Never… enough? Oh, but you are!

Tina spins in her blue aerial hammock. Takeshi, her black cat appears, watches, then goes.

A friend recently lent me Daring Greatly by Brené Brown. It’s not my usual sort of read, but I held scepticism at bay and began. Page 25 resonated almost immediately.

  • Never good enough
  • Never perfect enough
  • Never thin enough
  • Never powerful enough
  • Never successful enough
  • Never smart enough
  • Never certain enough
  • Never safe enough
  • Never extraordinary enough

Drawing from Lynne Twist’s The Soul of Money, Brown argues how we (that wonderful generic undetermined pronoun) are particularly conscious of our ‘scarcity’, in terms of what we (don’t) have and what we (can’t) offer.

Any time I prepare for a new class, plan a new choreography, face a fresh page to scribble my words, I feel so many ‘nevers’. They eat at my ability to function. Is this normal? Healthy? Helpful?

I often give myself time off during school half-terms. In October, with the wonderful Canterbury Festival on my doorstep, I selfishly take a full two weeks. It always fills with irregular work opportunities, watching shows, mundane admin and domesticity, and of course planning the following half-term’s classes. The moment I enter the cabin or studio, doubt smacks me in the gut. Where do I begin?

After attending a week-long Learner Centred Learning teacher training in Germany a few months ago, I have experimented with how to include my students, learners, participants in the content of my classes. At the end of the aerial yoga block, I asked all those returning for feedback. Firstly, I asked about the warm-up. Did they prefer the choreographed ground-based group set, or starting immediately in the hammocks? Secondly, did they prefer yoga-specific movements supported by the hammocks, or aerial sequences with a nod to yoga?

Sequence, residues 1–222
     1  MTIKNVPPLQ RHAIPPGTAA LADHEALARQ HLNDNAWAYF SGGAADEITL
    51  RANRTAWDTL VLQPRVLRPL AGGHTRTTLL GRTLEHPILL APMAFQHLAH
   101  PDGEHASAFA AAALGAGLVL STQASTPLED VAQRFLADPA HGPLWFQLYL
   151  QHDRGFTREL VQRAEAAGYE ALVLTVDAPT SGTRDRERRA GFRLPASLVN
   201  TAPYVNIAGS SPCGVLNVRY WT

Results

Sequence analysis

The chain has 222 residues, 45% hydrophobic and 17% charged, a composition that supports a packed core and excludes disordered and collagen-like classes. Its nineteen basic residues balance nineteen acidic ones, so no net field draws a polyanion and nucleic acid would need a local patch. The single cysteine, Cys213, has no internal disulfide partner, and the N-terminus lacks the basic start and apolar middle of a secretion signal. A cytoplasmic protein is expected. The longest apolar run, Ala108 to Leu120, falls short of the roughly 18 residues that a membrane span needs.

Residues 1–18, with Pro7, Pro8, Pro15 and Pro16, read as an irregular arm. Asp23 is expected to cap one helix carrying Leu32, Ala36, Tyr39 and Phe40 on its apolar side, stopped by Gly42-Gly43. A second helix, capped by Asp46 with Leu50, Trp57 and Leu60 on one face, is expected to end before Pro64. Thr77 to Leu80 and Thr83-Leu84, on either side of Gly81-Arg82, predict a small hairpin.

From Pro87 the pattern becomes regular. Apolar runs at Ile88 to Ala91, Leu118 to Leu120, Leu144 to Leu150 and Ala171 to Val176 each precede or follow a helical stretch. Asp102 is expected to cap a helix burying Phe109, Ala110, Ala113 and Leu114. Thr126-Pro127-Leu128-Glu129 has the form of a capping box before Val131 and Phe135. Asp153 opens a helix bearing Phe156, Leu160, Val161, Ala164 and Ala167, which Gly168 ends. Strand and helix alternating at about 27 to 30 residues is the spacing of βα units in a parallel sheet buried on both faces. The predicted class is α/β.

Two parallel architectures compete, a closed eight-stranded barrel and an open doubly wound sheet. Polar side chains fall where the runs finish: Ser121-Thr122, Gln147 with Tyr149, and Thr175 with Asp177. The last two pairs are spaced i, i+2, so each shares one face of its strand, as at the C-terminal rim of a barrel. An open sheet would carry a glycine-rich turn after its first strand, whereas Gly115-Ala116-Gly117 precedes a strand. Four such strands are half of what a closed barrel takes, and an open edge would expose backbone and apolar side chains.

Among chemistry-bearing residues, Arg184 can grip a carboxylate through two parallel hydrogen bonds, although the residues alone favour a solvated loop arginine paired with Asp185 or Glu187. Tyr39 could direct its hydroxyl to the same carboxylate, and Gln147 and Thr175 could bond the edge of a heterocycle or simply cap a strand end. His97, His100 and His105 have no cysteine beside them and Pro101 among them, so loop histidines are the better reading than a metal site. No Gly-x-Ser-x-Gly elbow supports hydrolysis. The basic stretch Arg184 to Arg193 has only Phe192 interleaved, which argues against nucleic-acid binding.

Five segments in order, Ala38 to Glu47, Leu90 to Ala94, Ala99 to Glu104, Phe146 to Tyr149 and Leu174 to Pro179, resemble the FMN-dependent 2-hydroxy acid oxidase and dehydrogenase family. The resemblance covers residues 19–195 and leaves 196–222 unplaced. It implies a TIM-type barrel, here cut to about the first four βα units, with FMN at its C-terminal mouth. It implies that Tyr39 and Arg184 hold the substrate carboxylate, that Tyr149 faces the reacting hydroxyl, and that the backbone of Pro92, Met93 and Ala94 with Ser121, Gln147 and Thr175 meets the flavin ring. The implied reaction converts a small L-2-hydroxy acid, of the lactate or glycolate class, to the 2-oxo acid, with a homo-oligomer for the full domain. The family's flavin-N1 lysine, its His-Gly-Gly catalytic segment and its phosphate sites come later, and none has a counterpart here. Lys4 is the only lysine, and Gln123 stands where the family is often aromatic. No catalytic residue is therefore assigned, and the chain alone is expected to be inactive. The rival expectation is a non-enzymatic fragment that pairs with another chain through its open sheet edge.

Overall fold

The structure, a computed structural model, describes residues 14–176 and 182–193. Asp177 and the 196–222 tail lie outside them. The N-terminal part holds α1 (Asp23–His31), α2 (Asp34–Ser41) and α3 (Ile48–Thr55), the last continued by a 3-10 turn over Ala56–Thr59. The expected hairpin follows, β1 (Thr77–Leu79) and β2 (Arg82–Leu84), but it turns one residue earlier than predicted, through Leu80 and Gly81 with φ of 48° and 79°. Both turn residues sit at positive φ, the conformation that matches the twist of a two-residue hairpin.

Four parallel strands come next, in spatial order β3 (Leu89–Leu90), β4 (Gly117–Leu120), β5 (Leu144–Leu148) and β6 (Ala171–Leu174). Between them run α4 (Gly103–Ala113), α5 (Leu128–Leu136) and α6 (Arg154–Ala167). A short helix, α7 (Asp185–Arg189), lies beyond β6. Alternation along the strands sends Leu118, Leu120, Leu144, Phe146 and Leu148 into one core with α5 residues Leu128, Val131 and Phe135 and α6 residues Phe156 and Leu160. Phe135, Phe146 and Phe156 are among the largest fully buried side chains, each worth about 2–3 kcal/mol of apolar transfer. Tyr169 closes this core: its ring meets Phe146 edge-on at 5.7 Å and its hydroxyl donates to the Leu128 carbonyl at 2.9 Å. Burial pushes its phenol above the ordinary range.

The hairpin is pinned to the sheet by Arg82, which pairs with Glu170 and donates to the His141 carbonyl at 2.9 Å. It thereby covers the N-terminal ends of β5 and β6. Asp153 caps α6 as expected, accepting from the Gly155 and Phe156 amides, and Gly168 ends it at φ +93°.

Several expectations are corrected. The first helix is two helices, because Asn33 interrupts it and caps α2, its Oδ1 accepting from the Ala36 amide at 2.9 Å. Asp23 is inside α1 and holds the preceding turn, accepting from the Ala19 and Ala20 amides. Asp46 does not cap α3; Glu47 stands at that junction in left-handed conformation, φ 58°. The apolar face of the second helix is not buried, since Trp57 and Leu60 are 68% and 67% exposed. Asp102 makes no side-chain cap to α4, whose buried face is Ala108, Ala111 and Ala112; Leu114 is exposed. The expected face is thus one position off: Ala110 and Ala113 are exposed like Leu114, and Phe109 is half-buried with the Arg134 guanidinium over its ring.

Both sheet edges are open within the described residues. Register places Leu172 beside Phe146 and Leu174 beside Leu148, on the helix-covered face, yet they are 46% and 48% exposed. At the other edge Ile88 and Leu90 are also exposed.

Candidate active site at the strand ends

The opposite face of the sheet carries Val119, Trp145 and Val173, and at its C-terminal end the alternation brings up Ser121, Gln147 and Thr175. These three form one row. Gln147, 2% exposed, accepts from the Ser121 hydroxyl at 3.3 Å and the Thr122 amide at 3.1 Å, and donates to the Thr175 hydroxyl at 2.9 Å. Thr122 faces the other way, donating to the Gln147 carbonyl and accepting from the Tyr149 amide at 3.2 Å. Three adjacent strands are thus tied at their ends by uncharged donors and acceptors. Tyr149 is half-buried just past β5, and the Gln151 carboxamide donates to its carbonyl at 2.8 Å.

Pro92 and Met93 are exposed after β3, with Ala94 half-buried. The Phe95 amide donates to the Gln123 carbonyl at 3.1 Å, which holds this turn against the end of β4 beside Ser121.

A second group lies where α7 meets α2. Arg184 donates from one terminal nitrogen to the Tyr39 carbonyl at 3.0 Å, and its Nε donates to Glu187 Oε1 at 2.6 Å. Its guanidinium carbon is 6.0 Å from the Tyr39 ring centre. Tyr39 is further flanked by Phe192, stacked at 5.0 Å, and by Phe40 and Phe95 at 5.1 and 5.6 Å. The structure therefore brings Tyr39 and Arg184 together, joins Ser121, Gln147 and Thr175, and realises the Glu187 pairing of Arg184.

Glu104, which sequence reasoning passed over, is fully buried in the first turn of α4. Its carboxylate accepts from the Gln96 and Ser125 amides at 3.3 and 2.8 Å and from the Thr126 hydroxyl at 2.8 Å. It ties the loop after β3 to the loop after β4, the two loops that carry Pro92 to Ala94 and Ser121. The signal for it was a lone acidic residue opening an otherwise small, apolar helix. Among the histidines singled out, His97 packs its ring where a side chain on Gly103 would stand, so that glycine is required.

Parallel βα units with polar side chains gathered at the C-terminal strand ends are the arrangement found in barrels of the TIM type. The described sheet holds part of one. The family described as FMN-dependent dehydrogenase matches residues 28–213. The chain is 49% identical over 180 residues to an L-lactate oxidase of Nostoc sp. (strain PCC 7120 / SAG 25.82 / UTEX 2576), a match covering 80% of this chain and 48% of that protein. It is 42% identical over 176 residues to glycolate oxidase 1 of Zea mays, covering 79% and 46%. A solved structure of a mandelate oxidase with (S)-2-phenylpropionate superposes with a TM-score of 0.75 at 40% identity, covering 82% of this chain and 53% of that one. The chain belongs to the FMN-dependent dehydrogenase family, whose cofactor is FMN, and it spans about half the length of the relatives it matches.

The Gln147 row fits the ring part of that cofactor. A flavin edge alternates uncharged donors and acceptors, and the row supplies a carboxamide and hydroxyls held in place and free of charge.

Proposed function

Image of a document asking for feedback from participants. Ground-based warm-up to music versus hammock-based warm-up. Yoga specific movements with hammock support or aerial sequences with a nod to yoga. Ticks and comments are added by hand.
Students offer their feedback.

Why was I so nervous of their responses? So many have loyally returned term after term, some even year upon year. Perhaps that’s where the pressure lies, always trying to ensure everyone gets something worthwhile from their hour-a-week session, for their commitment, for their money?

Giving myself time to face the creative challenge one yogic action, one pull-up, one spin at a time, progress will be made. I always come up with something, so why should it be different this time?

As no doubt many of us do, I judge myself on my past abilities, my past body, my past fitness. I am no longer who I was. I am older, fatter, slower, weaker. I watched Casus Circus, revelled in their acrobatic finesse and mourned the acrobat and aerialist I used to be. But through that loss I have gained knowledge, experience, perhaps patience, and a greater awareness of how my students might also feel?

And the feedback has helped. It’s given me a starting point. I know who will be present. I know some of what they like, what they want, how they are. These are great gifts. I will be making on myself, with them in mind.

Still, I also know I will gulp the first time I teach the new still-forming classes. I know there will be hiccups as I evolve the way I teach over the six weeks; shouldn’t teaching and learning always work in partnership?

I may not become a great follower of Brown, but what she has offered in those few early chapters is a way to face the doubt, the nevers, the supposed scarcity, and to accept there has to be vulnerability for growth to occur.

Thank you for reading. Feel free to leave a comment if you wish.

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